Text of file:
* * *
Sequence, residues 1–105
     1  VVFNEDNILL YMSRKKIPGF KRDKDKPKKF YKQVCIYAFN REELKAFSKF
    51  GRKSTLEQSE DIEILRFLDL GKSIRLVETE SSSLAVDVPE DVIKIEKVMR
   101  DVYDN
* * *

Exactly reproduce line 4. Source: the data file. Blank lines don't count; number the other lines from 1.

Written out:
   101  DVYDN